- You can try and help ensure other people don’t fall victim to the same tricks by spreading the word and educating those close to you
Safeguarding Against Cybercrimes in South Africa: Tips to Spot and Prevent Scams
With the rapid advancement of technology and the increasing reliance on digital platforms, cybercrimes have become a prevalent concern globally, and including in South Africa.
The country’s growing internet penetration and digital transformation have opened new avenues for cybercriminals to exploit unsuspecting individuals, especially on WhatsApp and Telegram.
However, by staying informed and adopting proactive measures, you can effectively spot cybercrimes and protect yourself from falling victim to scams.
Spotting Cyber Crime in South Africa
- Never trust anyone: whilst it is common for cybercriminals to masquerade as well known and legitimate companies, always check the legitimacy of the opportunity via the company’s contact information on their official website. Also look out for scam notices on that company’s website.
- There is no such thing as easy money: if it sounds too good to be true it almost always is.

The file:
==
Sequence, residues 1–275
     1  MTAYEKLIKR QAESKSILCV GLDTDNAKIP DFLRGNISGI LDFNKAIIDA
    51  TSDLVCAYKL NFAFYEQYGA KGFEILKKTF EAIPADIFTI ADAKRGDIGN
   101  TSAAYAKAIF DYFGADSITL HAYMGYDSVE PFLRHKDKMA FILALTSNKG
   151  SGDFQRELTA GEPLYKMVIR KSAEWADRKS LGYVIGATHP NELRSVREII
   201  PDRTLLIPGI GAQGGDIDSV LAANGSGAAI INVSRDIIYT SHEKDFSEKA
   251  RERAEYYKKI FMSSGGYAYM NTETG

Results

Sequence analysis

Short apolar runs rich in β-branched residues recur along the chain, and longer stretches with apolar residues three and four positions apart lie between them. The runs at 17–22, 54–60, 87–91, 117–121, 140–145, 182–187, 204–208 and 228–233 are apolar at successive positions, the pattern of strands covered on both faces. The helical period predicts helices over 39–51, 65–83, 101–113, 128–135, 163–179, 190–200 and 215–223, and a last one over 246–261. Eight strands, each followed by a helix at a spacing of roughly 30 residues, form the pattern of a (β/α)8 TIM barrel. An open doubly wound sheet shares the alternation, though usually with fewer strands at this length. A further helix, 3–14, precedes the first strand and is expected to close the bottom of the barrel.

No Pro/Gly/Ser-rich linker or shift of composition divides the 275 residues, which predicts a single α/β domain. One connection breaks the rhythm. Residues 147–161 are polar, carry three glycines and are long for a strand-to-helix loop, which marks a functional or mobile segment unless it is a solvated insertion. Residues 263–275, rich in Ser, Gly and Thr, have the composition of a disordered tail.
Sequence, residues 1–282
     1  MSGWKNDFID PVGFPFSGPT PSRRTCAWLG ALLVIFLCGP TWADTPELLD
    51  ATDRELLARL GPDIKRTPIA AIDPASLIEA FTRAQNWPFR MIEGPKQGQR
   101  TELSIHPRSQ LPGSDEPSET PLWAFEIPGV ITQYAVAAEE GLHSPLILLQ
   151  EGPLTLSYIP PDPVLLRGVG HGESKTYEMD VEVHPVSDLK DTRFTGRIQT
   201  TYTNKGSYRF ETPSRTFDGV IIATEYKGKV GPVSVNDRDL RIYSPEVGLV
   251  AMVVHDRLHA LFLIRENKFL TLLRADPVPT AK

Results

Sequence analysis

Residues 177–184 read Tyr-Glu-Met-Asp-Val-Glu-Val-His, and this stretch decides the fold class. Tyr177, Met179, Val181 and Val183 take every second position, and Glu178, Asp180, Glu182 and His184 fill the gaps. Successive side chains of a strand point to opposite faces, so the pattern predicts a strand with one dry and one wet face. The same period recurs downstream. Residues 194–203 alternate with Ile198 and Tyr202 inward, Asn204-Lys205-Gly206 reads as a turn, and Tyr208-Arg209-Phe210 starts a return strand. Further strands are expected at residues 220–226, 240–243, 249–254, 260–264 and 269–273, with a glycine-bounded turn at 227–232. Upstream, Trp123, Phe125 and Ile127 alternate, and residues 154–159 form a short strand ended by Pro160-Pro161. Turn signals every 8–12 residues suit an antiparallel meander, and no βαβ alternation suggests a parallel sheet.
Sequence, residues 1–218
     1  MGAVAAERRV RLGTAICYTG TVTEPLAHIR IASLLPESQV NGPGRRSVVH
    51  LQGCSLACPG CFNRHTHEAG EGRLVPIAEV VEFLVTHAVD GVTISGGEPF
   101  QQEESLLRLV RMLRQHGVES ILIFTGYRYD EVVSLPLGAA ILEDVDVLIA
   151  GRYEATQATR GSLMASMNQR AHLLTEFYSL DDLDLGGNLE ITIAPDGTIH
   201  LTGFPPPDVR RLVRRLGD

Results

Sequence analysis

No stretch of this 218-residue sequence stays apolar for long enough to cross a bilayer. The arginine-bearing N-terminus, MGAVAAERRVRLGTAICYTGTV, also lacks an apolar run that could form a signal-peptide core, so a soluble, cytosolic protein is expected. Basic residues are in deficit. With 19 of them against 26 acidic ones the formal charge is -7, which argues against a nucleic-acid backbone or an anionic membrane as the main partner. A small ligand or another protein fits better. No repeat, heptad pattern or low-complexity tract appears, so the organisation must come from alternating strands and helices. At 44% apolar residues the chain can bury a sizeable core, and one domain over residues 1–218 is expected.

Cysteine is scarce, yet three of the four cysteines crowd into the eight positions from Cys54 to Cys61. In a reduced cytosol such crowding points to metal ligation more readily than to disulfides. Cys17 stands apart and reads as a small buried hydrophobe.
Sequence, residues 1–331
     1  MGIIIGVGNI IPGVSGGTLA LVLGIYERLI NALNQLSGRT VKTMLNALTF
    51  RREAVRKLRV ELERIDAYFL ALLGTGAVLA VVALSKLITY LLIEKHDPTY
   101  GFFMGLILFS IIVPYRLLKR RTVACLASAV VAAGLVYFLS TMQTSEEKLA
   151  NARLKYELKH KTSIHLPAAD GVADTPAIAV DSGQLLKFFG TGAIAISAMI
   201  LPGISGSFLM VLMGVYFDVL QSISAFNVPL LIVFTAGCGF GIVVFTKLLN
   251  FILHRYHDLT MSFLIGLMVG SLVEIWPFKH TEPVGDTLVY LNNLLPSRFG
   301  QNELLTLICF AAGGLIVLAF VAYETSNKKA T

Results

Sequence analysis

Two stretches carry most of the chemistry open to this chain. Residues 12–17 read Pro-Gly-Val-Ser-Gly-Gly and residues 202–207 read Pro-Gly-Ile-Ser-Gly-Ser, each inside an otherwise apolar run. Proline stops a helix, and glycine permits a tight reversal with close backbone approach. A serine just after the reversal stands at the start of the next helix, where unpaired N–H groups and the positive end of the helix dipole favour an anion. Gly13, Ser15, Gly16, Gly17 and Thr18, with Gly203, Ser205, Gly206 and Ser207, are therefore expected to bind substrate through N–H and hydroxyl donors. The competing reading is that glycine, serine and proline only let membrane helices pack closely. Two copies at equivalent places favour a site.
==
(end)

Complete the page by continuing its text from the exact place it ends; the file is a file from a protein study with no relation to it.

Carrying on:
- Phishing emails and messages: cybercriminals often use deceptive emails or messages to steal sensitive information, such as passwords and credit card details. Be wary of unsolicited emails that ask you to click on links or provide personal information, especially if they create a sense of urgency or fear. If there is even a shimmer of doubt, see point 1.
- Fraudulent websites: check the authenticity of websites before making online transactions. Ensure the website’s URL is in fact the company being referred to and that it begins with “https://” and has a padlock symbol, indicating a secure connection. Avoid clicking on links from unknown sources, as they might lead to fake websites designed to steal your data.
- Social engineering: cybercriminals manipulate victims through psychological tactics. Be cautious if someone asks for personal or financial information over the phone or online, even if they claim to be from a legitimate organisation. Verify their identity independently before sharing any sensitive data. If there is even a shimmer of doubt, see point 1.